Atman (Budismo)

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An Ātman (/ˈɑːtmən/), attā o attan sa Budismo iyo an konsepto kan sadiri, asin manonompongan sa mga diskusyon kan konsepto kan non-self (Anatta) sa literaturang Buddhista.[1]

Kadaklan sa Buddhistang tradisyon asin teksto pignenegaran an premise kan sarong permanente, dai nagbabagong atman (sadiri, kalag).[2][3] Alagad, sa ibang eskwelahan na Buddhista, an sutras asin tantras pigpresentar an nosyon kan sarong atman o permanenteng "Sadiri", minsan ngani nagpapanongod sa sarong Absolutong sadiri asin bakong personal na sadiri.

Toltolan[baguhon | baguhon an source]

  1. Thomas William Rhys Davids; William Stede (1921). Pali-English Dictionary. Motilal Banarsidass. p. 22. ISBN 978-81-208-1144-7. 
  2. John C. Plott et al (2000), Global History of Philosophy: The Axial Age, Volume 1, Motilal Banarsidass, ISBN 978-8120801585, p. 63, Quote: "The Buddhist schools reject any Ātman concept. As we have already observed, this is the basic and ineradicable distinction between Hinduism and Buddhism".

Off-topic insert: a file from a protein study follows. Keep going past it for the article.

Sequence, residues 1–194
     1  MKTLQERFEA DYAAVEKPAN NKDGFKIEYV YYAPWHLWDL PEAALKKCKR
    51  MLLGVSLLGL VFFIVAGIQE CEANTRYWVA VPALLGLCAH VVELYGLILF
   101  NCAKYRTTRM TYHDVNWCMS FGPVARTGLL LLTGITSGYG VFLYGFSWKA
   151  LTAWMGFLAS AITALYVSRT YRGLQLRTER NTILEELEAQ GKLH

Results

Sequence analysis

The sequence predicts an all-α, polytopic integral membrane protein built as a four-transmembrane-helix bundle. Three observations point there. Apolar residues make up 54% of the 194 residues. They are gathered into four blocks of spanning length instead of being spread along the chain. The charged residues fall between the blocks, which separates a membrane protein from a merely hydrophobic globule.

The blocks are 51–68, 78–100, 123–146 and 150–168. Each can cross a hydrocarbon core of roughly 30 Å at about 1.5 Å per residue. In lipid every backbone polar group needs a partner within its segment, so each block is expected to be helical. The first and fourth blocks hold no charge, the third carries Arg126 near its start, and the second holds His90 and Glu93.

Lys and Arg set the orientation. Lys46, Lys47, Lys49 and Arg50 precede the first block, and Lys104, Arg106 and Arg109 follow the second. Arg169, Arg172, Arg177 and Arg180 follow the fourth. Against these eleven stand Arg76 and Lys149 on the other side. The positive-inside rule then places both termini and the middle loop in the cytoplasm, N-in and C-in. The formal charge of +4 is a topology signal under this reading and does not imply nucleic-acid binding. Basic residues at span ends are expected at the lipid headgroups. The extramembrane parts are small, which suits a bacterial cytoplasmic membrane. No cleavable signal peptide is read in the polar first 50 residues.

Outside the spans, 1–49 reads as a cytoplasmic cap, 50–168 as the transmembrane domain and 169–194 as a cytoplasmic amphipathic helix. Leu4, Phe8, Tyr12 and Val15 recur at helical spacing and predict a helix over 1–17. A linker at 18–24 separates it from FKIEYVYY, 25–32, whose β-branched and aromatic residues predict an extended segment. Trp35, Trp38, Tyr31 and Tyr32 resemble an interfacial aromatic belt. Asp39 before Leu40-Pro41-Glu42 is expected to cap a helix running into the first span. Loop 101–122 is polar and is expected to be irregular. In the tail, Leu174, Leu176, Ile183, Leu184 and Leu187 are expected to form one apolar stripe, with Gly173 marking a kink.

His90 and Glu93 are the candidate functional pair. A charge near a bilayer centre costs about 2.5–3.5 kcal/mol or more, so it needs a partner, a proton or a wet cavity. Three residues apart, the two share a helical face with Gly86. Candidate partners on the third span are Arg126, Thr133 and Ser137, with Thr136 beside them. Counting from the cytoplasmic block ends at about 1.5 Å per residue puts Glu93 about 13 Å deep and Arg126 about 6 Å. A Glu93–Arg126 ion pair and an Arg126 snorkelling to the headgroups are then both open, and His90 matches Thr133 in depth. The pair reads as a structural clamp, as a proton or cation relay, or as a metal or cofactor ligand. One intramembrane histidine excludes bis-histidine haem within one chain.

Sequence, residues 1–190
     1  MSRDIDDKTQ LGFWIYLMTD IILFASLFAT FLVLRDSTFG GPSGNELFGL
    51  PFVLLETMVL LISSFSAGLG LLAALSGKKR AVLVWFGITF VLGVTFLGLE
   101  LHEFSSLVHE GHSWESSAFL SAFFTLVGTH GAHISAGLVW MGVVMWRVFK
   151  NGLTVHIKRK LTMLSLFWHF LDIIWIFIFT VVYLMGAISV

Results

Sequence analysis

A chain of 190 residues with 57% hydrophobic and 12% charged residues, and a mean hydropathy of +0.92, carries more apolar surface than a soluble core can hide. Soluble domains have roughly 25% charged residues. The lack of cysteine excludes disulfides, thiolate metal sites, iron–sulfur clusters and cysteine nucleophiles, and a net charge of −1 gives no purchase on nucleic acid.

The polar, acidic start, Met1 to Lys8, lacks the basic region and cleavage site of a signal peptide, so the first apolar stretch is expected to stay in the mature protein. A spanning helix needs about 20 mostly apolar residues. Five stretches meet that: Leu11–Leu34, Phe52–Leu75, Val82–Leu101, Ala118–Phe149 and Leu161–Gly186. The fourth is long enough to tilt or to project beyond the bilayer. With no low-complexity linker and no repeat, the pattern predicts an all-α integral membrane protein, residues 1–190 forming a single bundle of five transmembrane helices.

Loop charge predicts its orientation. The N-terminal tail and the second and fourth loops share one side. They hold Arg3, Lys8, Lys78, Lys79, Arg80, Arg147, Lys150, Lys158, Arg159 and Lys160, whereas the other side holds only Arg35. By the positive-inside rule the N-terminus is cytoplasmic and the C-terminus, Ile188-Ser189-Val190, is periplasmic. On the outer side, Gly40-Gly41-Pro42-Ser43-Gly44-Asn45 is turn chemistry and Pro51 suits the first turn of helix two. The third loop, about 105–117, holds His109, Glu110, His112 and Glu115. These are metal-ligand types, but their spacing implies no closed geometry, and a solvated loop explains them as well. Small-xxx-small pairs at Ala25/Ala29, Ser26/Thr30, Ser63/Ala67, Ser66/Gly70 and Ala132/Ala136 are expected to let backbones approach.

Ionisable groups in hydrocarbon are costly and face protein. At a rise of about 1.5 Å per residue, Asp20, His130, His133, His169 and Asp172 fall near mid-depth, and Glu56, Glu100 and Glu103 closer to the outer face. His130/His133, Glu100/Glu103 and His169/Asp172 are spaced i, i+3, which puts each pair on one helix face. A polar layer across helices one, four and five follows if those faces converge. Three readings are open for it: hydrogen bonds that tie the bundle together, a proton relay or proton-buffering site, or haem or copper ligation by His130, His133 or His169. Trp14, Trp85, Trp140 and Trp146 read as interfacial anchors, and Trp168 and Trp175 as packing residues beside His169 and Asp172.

3. [a] Anatta Archived 2015-12-10 at the Wayback Machine., Encyclopædia Britannica (2013), Quote: "Anatta in Buddhism, the doctrine that there is in humans no permanent, underlying soul. The concept of anatta, or anatman, is a departure from the Hindu belief in atman (“the self”)."; [b] Steven Collins (1994), Religion and Practical Reason (Editors: Frank Reynolds, David Tracy), State Univ of New York Press, ISBN 978-0-7914-2217-5, p. 64; Quote: "Central to Buddhist soteriology is the doctrine of not-self (Pali: anattā, Sanskrit: anātman, the opposed doctrine of ātman is central to Brahmanical thought). Put very briefly, this is the [Buddhist] doctrine that human beings have no soul, no self, no unchanging essence."; [c] Dae-Sook Suh (1994), Korean Studies: New Pacific Currents, University of Hawaii Press, ISBN 978-0824815981, p. 171; [d] Katie Javanaud (2013), Is The Buddhist ‘No-Self’ Doctrine Compatible With Pursuing Nirvana? Which is “Boundless”Archived 2015-02-06 at the Wayback Machine., Philosophy Now; [e] David Loy (1982), Enlightenment in Buddhism and Advaita Vedanta: Are Nirvana and Moksha the Same?, International Philosophical Quarterly, Volume 23, Issue 1, pp. 65–74; [f] KN Jayatilleke (2010), Early Buddhist Theory of Knowledge, ISBN 978-8120806191, pp. 246–249, from note 385 onwards; [g] Bruno Nagel (2000), Roy Perrett (editor), Philosophy of Religion: Indian Philosophy, Routledge, ISBN 978-0815336112, p. 33